The Problem with Battery Electric Vehicles

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August 22, 2023

Why in news?

Battery Electric Vehicles (EVs) are seen as push for net zero but there are some challenges with respect to Indian scenario.

What is Battery Electric Vehicles?

  • An EV is a vehicle that uses one or more electric motors for propulsion.
  • They are either partially or fully powered on electric power.
  • While some EVs used lead acid or nickel metal hydride batteries, the standard for modern battery electric vehicles is now considered to be lithium ion batteries.

Types of EVs

  • Battery electric vehicles (BEVs)
  • Plug-in hybrid electric vehicles (PHEVs)
  • Hybrid electric vehicles (HEVs)
  • Fuel cell electric vehicles (FCEVs)


What is the significance of EVs?

  • Lower running costs- The running cost of an electric vehicle is much lower than an equivalent petrol or diesel vehicle.
  • Eco-Friendly- Neither gas nor fossil is used to power the engine.
  • Hence, it will help India achieve net zero by 2070.
  • Noise pollution is comparatively less than conventional vehicles.
  • Low maintenance cost- They have very low maintenance costs as they don’t have as many moving parts as an internal combustion vehicle.
  • The servicing requirements for electric vehicles are also lesser.
  • Zero Tailpipe Emissions- Driving an electric vehicle can help you reduce your carbon footprint because there will be zero tailpipe emissions.
  • Tax and financial benefits- Government offers many incentives for purchase of EVs like free toll roads, free parking lots etc.,

What are the steps taken by the government to promote EV?

  • National Electric Mobility Mission Plan (NEMMP) 2020- It aims to achieve national fuel security by promoting hybrid and electric vehicles in the country.
  • There is an ambitious target to achieve 6-7 million sales of hybrid and electric vehicles year on year from 2020 onwards.
  • GST- Goods and Services Tax on the electric vehicles and the chargers/ charging stations has been reduced from 12% to 5% and from 18% to 5%, respectively.
  • Faster Adoption and Manufacturing of Hybrid and Electric Vehicles (FAME) scheme- Launched in 2015, it aims to promote electric mobility through financial incentives for enhancing electric transportation infrastructure.
  • FAME 2It is launched in 2019 with an outlay of 10,000 crores to incentivize demand for Electric Vehicles (EVs) by providing upfront subsidies and creating EV charging infrastructure.

What are the issues regarding EVs?

  • High Subsidy- The tax breaks for cars, results in tax burden for middle or upper middle classes, who are typically the buyers of battery electric four-wheelers.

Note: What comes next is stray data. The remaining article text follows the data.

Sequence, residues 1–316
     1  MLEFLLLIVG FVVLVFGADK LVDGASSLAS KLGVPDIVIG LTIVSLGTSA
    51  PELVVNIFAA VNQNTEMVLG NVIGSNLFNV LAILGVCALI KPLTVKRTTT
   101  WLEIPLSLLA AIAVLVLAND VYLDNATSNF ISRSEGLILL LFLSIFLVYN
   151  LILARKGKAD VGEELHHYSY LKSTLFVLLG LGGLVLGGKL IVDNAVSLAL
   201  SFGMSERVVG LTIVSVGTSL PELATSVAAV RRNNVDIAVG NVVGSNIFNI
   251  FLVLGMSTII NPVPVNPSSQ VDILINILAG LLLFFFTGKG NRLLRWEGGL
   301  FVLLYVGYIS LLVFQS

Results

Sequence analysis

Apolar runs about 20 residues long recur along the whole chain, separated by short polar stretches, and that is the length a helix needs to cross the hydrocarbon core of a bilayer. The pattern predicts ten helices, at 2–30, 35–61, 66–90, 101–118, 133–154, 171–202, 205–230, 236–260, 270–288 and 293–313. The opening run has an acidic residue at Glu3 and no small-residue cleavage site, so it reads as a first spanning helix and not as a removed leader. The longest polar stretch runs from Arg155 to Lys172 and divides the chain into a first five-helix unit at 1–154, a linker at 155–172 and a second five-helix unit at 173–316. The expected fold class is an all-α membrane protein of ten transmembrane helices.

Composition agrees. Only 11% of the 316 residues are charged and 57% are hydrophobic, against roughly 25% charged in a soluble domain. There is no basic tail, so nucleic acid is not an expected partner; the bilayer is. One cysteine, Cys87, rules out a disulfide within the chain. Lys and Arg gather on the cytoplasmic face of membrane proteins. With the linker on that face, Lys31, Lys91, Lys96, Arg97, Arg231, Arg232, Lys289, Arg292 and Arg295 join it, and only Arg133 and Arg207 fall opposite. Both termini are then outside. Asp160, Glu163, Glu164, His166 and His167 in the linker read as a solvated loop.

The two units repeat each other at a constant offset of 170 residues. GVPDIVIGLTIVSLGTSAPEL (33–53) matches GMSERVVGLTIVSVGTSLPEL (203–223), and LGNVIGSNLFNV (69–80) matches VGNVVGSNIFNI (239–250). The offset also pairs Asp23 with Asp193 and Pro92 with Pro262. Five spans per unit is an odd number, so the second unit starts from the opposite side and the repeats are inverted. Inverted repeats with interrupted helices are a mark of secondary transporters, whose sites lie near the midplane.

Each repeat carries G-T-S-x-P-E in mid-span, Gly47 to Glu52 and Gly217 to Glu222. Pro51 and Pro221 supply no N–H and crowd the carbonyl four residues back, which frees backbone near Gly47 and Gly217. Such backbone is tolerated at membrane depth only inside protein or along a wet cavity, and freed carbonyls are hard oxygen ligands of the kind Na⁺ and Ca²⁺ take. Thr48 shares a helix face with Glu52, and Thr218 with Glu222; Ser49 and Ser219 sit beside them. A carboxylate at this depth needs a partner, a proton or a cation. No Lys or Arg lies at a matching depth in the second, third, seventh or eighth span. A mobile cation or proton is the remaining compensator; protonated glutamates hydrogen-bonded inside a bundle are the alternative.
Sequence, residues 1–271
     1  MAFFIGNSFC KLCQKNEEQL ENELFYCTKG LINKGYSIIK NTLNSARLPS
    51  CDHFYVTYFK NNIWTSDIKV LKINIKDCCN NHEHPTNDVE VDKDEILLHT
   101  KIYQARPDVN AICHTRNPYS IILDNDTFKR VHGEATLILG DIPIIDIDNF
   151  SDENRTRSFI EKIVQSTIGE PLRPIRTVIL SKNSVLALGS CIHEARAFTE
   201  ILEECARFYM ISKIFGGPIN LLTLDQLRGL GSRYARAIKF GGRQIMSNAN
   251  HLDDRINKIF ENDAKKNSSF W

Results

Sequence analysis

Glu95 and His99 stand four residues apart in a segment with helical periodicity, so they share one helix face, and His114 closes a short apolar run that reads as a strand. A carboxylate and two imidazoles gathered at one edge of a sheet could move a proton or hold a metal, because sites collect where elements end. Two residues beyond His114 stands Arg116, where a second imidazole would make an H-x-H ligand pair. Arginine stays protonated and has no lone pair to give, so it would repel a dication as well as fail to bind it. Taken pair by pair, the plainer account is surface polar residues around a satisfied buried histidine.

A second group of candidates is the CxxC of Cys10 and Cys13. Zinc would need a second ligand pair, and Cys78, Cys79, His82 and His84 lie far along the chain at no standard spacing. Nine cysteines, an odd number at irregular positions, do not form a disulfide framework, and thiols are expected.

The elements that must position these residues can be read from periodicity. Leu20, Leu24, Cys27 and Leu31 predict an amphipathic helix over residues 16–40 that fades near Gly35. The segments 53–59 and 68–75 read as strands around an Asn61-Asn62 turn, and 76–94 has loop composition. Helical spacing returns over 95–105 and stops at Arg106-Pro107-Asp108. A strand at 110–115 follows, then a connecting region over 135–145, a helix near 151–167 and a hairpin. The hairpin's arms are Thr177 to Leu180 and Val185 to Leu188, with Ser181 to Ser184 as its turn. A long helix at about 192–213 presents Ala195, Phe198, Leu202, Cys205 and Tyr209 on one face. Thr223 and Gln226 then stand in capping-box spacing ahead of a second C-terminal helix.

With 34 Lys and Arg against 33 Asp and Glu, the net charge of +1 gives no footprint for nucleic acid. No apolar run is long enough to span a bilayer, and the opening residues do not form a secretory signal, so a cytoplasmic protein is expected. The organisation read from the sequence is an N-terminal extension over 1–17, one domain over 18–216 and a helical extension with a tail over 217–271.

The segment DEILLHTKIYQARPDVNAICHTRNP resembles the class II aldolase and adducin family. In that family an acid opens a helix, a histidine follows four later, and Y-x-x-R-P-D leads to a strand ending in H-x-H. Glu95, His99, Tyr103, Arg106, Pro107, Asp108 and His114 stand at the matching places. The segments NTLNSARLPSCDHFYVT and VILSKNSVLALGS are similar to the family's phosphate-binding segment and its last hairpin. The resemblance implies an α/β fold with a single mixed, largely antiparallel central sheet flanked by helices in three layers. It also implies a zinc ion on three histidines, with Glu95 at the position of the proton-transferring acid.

• Infrastructure Deficit- In India, the number of EVs had crossed 1 million by mid-2022, but only about 2,000 public charging stations are currently operational across the country.
  • Non-Renewable Electricity Source- In India, the power source for grid is largely fed by coal-fired thermal plants resulting in GHG emissions.
  • Increased dependency of import- Since India requires 50,000 tonnes of lithium to manufacture EV batteries alone, it would ultimately depend on imports.

More than 90% of the global Li production is concentrated in Chile, Argentina, Bolivia, Australia and China. Lithium Triangle Countries - Argentina, Bolivia, Chile

  • EV Firing Incidents- EV fires is caused due to thermal runaway that results in short circuit by malfunctioning of batteries.

What other technologies are available?

  • Hybrid technology- It has improved fuel efficiency and does not require the charging infrastructure base.
  • Flex Fuel- A flex fuel or flexible fuel vehicle has an internal combustion engine which can run on more than one type of fuel, or even a mixture of fuels such as petrol and ethanol.
  • FCEVs & Hydrogen ice - Hydrogen fuel cell electric vehicles (FCEVs) are practically zero emission.
  • In this, Hydrogen is pressurised and stored in a cryogenic tank, from there it is fed to a lower-pressure cell and put through an electro-chemical reaction to generate electricity.
  • Hydrogen Internal combustion Engine (ICE)- It is  similar to conventional internal combustion engine vehicles.
  • The fuel delivery system and spark plugs are modified to enable compatibility with hydrogen.
  • Synthetic Fuel- This idea is to make it usable in all petrol-engine cars, which results in CO2-neutral.

What lies ahead?

  • Improve Public charging infrastructure- The successive faster adoption of EVs in Norway and China is due to sustained efforts of increasing public charging infrastructure.
  • Increase investment- Reduce the overt subsidies given to purchase of EVs instead invest in R&D to improve the efficiency and efficacy of EVs.
  • There is a need to customise it to the needs of Indian environment to reduce firing incidents of EVs.
  • Enhance value chain- Reduce dependency of raw materials, look for other viable options.



  1. Indian Express| EVs issues in Indian Context
  2. IBEF| steps to promote EVs
  3. PIB| FAME II scheme
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